A People of Prophets

Belief in the Bible is belief in tradition

By Michael Selutin | | Topics: Weekly Torah Portion
Our faith is what proves Torah and the events it records.
Photo: Mendy Hechtman/Flash90

In this week’s Torah portion, Yitro, we read about a uniquely transcendent event in world history: The whole people of Israel meet God at Mount Sinai and receive His Law (Exodus 18-20). This event is of the utmost importance to the Jews. For us, this meeting with God is the basis of our faith in Him and His Torah. Moses later summarized this foundation of our faith as follows:

“Has any people heard the voice of God speaking from the midst of the fire, as you have heard it, and survived? Or has a god tried to go to take for himself a nation from within another nation by trials, by signs and wonders and by war and by a mighty hand and by an outstretched arm and by great terrors, as the LORD your God did for you in Egypt before your eyes? To you it was shown that you might know that the LORD, He is God; there is no other besides Him. Out of the heavens He let you hear His voice to discipline you; and on earth He let you see His great fire, and you heard His words from the midst of the fire.

“Because He loved your fathers, therefore He chose their descendants after them. And He personally brought you from Egypt by His great power, 38driving out from before you nations greater and mightier than you, to bring you in and to give you their land for an inheritance, as it is today.

“Know therefore today, and take it to your heart, that the LORD, He is God in heaven above and on the earth below; there is no other. So you shall keep His statutes and His commandments which I am giving you today, that it may go well with you and with your children after you, and that you may live long on the land which the LORD your God is giving you for all time.”

(Deuteronomy 4:33-40)

All of God’s miracles and works on behalf of the people of Israel were performed in order to demonstrate His existence and His will. The whole of the people faced God at Sinai so that the whole of the people people could later testify to their descendants what they saw. In this way no one would be able to invent myths to bring gullible people under the control religious charlatans. If someone from the people of Israel was asked later why they believed in this God and no other, or why they believed in any God at all, they could say that they personally faced Him at Sinai. And this personal experience could be passed down to his children and his grandchildren, and so on. No one can any longer today trace this experience all the way back to Sinai in their own family, but we can say for certain that the ancestors of the Jewish people had a direct encounter with God that is recorded and passed on to us in the Torah.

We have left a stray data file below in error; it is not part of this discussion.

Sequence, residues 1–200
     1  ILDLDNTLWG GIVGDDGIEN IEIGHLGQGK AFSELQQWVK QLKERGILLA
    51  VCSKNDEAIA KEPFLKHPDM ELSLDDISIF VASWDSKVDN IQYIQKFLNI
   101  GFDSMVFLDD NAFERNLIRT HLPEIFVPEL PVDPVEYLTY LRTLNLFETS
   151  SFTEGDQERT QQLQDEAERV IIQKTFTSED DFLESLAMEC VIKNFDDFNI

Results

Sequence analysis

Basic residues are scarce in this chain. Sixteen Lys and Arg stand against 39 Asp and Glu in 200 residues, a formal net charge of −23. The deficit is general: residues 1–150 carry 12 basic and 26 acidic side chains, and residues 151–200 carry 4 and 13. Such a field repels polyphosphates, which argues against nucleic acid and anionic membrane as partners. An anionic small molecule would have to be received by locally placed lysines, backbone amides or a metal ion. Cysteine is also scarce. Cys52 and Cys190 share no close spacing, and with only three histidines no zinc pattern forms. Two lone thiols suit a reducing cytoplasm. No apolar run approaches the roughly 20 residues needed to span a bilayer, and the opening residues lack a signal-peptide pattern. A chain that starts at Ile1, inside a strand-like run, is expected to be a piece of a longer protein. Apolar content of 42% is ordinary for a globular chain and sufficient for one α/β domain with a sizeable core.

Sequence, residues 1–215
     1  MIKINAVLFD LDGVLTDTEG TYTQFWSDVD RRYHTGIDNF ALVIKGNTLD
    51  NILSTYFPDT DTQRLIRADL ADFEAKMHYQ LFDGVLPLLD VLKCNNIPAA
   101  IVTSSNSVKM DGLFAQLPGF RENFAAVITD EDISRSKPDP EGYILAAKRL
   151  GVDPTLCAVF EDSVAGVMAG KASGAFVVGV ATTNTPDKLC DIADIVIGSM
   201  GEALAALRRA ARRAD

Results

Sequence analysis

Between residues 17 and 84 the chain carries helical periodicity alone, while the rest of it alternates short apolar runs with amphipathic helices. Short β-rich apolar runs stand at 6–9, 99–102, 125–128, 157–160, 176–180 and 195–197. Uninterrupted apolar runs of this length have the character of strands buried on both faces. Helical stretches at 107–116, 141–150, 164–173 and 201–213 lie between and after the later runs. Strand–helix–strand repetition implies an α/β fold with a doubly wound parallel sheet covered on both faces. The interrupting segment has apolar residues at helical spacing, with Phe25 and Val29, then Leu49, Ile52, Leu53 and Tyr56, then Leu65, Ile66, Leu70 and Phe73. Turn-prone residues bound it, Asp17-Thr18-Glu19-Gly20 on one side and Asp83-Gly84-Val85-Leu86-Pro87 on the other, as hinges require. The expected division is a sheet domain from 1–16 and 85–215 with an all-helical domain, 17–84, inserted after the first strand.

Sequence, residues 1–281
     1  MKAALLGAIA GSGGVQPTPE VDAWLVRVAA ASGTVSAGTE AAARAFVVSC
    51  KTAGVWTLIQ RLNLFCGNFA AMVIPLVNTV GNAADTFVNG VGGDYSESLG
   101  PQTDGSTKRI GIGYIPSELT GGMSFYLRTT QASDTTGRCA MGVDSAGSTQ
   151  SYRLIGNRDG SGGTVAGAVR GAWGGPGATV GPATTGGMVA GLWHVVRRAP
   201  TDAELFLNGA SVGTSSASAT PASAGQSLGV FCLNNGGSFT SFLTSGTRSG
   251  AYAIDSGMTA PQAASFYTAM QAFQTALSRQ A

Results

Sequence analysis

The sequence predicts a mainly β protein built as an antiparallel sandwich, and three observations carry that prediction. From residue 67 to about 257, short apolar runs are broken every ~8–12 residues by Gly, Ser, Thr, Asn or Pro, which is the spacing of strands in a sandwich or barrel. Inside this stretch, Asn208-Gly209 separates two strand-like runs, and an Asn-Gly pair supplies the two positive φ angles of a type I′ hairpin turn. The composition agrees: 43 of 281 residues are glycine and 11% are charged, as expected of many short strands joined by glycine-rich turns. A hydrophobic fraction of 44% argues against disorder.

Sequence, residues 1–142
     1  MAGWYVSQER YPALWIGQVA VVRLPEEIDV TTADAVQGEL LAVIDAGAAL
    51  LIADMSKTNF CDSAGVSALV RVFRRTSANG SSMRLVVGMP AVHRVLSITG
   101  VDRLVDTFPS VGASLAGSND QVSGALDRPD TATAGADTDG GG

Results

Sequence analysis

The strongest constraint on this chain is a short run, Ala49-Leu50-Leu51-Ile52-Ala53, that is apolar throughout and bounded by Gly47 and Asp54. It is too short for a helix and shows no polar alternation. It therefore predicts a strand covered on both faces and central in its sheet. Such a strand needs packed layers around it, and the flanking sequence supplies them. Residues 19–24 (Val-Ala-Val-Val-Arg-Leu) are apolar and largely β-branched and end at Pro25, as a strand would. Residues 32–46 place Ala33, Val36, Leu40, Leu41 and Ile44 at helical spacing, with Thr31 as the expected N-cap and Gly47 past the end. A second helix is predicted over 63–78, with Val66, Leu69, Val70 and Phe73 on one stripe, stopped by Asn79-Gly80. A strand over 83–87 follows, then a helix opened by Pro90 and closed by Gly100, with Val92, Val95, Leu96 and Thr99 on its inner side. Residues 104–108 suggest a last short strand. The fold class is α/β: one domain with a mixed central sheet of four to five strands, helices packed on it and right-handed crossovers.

This may not be comparable to the memory of the Holocaust, which happened much more recently, but the concept is similar: There are people today who think the Holocaust is a myth, but the survivors know exactly what happened to them. Their children and grandchildren grew up listening to personal stories about the Holocaust, and no one can convince them that it never happened. But for future generations it will be more difficult to prove that there was a Holocaust.

In Jewish families, awareness of the Holocaust will remain longer than in people who had nothing to do with it, because we have days and celebrations that remind us of the Shoah again and again. If, in a hundred years, someone without access to archives asks a Jew for proof of the Holocaust, they may not have anything that is 100 percent convincing, other than the fact that his family and people preserve the memory of this dark chapter. It is trust and belief in these traditions that in a way “prove” the historical legitimacy of the events behind them.

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